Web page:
Thursday, April 23, 2015

The Raptor Center Clinic Patient Census April 20, 2015


A bald eagle patient.

We have received 146 wild patients so far in 2015.  We currently have 53 patients.  Some are in individual patient cages while their injuries heal.  Others are in large flight rooms or in managed areas for exercise before their release.  We post our clinic census weekly on our website here. 

The following table shows the patient census by species:


The Raptor Center
Current Patient Census
(as of April 20, 2015) 
 
Eagles
            Bald Eagle
16
            Golden Eagle
1
Hawks - Buteos
            Red-tailed Hawk
13
            Broad-winged Hawk
1
Hawks - Accipiters
            Cooper's Hawk
4
Falcons

            American Kestrel
2
Owls

           Great Horned Owl
8
           Northern Saw-whet Owl
2
           Barred Owl
4
           Long-eared Owl
2
 

Wednesday, April 22, 2015

Celebrate Earth Day with Some Great Resources

Female Eastern bluebird.

Male Eastern bluebird.
Earth Day is a great opportunity to learn more about the world you share with wildlife!  What helps them be healthy is also good for humans.

The National Wildlife Federation has a great set of links and resources for how to make your own backyard (or school!) be a wildlife friendly habitat.  (It might be easier than you think!)

A healthy plant means clean water.  Project Wet has some terrific and very creative resources for all ages on how water plays a huge role in our lives.

How often do we think about the soil under our feet?  The Smithsonian Natural History Museum has a great site called Dig It! that helps us all understand the importance of this very basic building block with games and videos.

Friday, April 17, 2015

TRC Volunteer Guest Blogger: Brittany T. from Clinic

Brittany, at her summer ornithology
field class.
This is the last post in our TRC Volunteer Guest Blogger series this week, in honor of National Volunteer Week.  We hope you've enjoyed hearing from some of our treasured volunteers.  There is no one more committed or passionate than these amazing people and we are honored to get to work with them every day of the week.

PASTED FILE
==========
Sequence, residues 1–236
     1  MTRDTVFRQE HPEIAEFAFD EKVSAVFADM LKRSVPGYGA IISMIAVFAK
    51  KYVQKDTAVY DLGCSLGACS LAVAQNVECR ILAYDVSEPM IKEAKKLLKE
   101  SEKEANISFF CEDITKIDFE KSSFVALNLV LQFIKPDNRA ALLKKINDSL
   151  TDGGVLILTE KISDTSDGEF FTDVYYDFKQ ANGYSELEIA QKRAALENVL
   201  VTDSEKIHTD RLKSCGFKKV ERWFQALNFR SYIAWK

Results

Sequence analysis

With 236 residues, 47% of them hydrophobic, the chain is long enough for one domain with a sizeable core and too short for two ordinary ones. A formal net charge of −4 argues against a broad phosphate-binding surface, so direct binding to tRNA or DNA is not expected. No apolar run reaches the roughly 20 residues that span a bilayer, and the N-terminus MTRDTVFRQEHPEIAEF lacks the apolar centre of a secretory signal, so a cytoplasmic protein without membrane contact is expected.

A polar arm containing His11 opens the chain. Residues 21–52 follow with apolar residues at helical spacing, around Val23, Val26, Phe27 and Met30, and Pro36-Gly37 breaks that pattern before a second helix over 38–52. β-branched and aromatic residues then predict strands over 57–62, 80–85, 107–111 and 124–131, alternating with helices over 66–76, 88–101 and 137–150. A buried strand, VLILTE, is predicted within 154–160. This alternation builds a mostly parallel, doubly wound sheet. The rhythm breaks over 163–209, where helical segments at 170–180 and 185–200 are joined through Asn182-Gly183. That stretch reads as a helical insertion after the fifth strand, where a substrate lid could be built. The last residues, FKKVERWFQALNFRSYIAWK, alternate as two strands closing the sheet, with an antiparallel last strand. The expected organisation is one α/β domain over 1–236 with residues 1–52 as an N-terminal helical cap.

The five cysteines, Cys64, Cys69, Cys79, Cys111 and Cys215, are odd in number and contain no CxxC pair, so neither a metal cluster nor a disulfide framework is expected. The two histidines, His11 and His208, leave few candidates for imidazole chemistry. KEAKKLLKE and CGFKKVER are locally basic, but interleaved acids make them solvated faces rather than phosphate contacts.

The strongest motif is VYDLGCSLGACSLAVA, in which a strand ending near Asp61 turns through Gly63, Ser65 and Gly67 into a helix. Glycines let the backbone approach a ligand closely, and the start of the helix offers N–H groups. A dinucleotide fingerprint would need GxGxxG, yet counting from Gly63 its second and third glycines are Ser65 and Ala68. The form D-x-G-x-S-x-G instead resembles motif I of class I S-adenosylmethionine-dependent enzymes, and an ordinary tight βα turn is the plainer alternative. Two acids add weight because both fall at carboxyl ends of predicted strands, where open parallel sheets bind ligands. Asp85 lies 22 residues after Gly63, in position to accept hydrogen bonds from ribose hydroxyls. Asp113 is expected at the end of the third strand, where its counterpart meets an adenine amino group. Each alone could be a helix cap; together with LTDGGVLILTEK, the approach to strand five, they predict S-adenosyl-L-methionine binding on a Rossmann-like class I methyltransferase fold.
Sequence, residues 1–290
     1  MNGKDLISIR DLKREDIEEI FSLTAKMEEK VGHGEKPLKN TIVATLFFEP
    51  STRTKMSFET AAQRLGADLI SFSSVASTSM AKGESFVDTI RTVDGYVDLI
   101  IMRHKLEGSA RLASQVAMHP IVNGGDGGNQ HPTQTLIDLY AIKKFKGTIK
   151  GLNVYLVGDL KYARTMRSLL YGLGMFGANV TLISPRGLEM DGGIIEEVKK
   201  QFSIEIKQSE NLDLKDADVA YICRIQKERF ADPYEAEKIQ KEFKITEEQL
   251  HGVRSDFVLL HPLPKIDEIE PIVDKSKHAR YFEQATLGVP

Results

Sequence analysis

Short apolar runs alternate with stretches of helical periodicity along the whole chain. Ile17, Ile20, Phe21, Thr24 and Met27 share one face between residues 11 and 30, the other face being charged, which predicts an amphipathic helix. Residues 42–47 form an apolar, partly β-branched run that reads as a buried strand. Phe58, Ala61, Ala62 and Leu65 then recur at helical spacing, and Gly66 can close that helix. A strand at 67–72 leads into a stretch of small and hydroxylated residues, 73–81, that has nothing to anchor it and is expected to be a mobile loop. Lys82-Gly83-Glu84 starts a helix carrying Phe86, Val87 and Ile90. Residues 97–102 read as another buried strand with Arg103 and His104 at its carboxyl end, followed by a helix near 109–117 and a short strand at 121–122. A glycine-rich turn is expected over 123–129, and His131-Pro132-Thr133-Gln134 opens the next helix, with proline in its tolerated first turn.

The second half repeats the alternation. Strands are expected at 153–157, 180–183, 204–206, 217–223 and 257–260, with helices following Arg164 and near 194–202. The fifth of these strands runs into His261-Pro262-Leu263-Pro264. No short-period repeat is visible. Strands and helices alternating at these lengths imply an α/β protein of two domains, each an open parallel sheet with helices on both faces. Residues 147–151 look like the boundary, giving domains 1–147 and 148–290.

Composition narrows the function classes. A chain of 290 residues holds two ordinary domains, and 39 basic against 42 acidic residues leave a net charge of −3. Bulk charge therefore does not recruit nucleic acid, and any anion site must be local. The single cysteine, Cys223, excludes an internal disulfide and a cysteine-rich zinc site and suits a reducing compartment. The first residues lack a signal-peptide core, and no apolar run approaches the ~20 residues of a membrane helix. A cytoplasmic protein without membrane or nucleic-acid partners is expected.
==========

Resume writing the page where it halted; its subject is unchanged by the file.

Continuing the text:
Brittany T. has been on her clinic crew since 2011, and in 2012 she became part of the Education team.  

"Back in 2010 when I started my first year at the University of Minnesota, my mom came to visit for Parents Weekend. One of the activities offered that weekend was to visit The Raptor Center for a Saturday program/tour. I remember my first thought being, “Why is there a center for learning about dinosaurs on campus?” (No really, that’s how little I knew about the bird world). That first raptor program taught me so much in such a short amount of time, and since that day I can honestly say I have learned more about raptors than I ever thought possible.

The first crew I joined was in the clinic.  Most people in their lifetime are lucky to see a bald eagle or a red-tailed hawk flying high above them, or might get lucky enough to spot a great-horned owl in their backyard, or a Peregrine Falcon in downtown St. Paul. This opportunity to volunteer in the clinic has brought me face to face with the more common species of raptors as well as some that many people may never get the chance to see in the wild or captivity – from large great grey owls and osprey to very small Northern saw-whet owls and merlins. On the clinic crew, we spend the shift preparing food and feeding the approximately 800 injured raptors that come in every year. Being so close to these powerful birds is just breathtaking. Knowing that some species such as bald eagles and peregrine falcons were helped by The Raptor Center makes working with those species even more of a privilege. It is an amazing experience to feed injured raptors and be a part of an organization that works so hard to heal these spectacular birds and return them back into the wild where they belong.